default standard. (Pet’r’s Objection, Docket no. 112, Page ID 916.) Cantley’s argument appears
to be that the magistrate judge only applied the “actual innocence” standard to Cantley’s arguments
that the R & R concludes were procedurally defaulted. (Id. at 916–17.) The Court disagrees. In
reviewing Cantley’s claims, the magistrate judge applied the correct standard, as articulated by the
United States Supreme Court in House v. Bell, 547 U.S. 518, 536, 126 S. Ct. 2064, 2076 (2006) (“As
a general rule, claims forfeited under state law may support federal habeas relief only if the prisoner
demonstrates cause for the default and prejudice from the asserted error. . . . The bar is not,
however, unqualified . . . the Court has recognized a miscarriage-of-justice exception.”) and Murray
v. Carrier, 477 U.S. 478, 494–96, 106 S. Ct. 2639, 2648–49 (1986) (The habeas petitioner must
show not merely that the errors at trial created a possibility of prejudice, but that they worked to his
actual and substantial disadvantage, infecting his entire trial with error of constitutional
dimensions.” (internal quotation marks and citations omitted)). (See R & R, Docket no. 98, Page
ID 724.) The magistrate judge then applied the standard to each of Cantley’s remaining claims.
(See id. at 724–27.) Thus, the Court will overrule Cantley’s objection regarding the correct
procedural default standard.
II. Certificate of Appealability
Under 28 U.S.C. § 2253(c)(2), the Court must also determine whether a certificate of
appealability should be granted. A certificate should issue if a petitioner has demonstrated “a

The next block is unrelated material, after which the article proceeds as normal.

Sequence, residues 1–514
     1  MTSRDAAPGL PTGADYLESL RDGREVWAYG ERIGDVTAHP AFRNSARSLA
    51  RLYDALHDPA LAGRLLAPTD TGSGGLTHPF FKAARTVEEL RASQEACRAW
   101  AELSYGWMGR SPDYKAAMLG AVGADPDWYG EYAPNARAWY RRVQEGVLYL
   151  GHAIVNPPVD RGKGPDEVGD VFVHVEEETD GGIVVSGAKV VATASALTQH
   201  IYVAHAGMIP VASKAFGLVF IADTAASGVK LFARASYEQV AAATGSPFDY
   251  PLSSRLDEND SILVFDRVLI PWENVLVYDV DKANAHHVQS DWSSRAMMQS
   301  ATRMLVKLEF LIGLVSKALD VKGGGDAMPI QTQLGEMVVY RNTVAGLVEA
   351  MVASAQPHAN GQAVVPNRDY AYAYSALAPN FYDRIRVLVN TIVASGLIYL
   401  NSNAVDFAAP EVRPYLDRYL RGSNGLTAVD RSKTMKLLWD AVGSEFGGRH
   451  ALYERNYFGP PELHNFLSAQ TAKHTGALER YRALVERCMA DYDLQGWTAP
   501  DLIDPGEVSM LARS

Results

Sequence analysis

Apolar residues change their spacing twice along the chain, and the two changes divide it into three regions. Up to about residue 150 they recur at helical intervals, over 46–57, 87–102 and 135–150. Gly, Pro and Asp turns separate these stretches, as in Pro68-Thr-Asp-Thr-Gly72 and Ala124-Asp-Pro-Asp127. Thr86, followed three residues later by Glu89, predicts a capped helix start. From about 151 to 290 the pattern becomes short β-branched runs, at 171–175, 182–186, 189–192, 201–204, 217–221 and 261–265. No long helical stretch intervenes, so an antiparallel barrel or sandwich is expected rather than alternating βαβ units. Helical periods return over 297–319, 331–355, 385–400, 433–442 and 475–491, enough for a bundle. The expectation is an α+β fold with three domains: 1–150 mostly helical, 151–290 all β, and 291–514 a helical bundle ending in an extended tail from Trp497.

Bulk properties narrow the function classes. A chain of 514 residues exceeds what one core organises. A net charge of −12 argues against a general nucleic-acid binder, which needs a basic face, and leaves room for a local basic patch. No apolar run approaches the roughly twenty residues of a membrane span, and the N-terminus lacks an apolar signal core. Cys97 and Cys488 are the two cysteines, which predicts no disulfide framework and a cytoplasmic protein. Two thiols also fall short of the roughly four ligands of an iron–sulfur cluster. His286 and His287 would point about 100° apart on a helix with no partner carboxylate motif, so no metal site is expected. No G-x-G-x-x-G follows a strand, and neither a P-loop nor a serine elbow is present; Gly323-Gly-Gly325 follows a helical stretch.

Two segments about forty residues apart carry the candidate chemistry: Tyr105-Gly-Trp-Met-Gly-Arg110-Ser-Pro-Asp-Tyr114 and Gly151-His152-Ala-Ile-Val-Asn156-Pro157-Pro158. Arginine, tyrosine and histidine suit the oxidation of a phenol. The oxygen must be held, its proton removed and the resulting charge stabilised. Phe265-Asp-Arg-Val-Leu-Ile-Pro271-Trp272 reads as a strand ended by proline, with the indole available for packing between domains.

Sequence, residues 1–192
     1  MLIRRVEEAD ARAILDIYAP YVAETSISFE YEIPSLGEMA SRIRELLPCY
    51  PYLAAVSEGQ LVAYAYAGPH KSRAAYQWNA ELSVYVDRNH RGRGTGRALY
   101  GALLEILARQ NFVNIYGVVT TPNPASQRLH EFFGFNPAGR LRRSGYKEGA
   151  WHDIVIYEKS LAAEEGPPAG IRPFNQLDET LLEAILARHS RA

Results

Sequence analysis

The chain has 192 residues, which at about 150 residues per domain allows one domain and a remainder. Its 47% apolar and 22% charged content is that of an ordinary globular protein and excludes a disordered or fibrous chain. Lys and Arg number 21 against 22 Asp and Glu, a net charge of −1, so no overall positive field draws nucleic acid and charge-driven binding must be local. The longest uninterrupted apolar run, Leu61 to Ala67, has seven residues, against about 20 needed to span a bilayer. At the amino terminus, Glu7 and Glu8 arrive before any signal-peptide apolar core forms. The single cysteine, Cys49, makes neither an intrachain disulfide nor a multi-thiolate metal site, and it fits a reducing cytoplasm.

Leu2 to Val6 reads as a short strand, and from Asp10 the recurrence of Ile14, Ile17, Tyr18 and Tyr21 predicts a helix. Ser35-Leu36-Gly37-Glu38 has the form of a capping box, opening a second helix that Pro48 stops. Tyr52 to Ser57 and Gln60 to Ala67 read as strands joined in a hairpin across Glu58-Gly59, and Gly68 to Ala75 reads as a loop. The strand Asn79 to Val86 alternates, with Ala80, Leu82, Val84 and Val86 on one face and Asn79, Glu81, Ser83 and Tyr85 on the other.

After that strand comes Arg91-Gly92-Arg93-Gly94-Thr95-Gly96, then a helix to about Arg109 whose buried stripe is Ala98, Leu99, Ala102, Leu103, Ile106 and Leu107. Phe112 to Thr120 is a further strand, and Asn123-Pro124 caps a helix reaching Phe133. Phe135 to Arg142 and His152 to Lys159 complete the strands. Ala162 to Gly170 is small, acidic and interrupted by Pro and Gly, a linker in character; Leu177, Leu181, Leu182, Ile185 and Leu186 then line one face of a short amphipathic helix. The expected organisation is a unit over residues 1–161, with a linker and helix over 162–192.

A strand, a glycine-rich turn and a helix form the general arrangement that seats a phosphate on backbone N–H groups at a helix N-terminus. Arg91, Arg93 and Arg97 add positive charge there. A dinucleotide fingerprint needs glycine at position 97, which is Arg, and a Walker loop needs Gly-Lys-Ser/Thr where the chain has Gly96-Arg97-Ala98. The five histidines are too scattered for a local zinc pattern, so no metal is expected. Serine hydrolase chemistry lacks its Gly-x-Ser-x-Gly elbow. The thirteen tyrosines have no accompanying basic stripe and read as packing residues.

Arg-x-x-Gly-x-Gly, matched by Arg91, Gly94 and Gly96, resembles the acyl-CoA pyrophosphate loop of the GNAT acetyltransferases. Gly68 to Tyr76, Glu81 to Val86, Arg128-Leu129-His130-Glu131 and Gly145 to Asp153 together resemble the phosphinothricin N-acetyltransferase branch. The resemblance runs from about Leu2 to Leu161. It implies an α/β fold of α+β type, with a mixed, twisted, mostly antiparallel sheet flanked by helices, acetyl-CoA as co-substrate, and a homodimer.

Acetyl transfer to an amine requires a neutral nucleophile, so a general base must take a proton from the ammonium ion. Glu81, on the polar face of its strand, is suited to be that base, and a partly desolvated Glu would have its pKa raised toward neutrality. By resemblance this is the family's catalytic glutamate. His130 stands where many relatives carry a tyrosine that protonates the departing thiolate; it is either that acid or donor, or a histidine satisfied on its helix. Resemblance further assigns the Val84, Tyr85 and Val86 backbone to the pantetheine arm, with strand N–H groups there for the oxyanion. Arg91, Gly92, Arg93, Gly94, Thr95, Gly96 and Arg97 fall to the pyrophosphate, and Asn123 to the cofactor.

substantial showing of a denial of a constitutional right.” Id. The Sixth Circuit has disapproved
issuance of blanket denials of a certificate of appealability. Murphy v. Ohio, 263 F.3d 466, 467 (6th
Cir. 2001). Rather, the district court must “engage in a reasoned assessment of each claim” to
determine whether a certificate is warranted. Id. at 467. Each issue must be considered under the
standards set forth by the Supreme Court in Slack v. McDaniel, 529 U.S. 473, 120 S. Ct. 1595
(2000). Murphy, 263 F.3d at 467. Consequently, this Court has examined Cantley’s claims under
the Slack standard.
Under Slack, 529 U.S. at 484, 120 S. Ct. at 1604, to warrant a grant of the certificate, “[t]he
petitioner must demonstrate that reasonable jurists would find the district court’s assessment of the
constitutional claims debatable or wrong.” For the reasons stated above, the Court finds that
reasonable jurists could not find that this Court’s dismissal of Cantley’s claims was debatable or
wrong. Thus, the Court will deny Cantley a certificate of appealability.
Therefore, the Court will adopt the magistrate judge’s R & R as the Opinion of the Court.
A separate order will issue.
Dated: August 14, 2013
/s/ Gordon J. Quist
GORDON J. QUIST
UNITED STATES DISTRICT JUDGE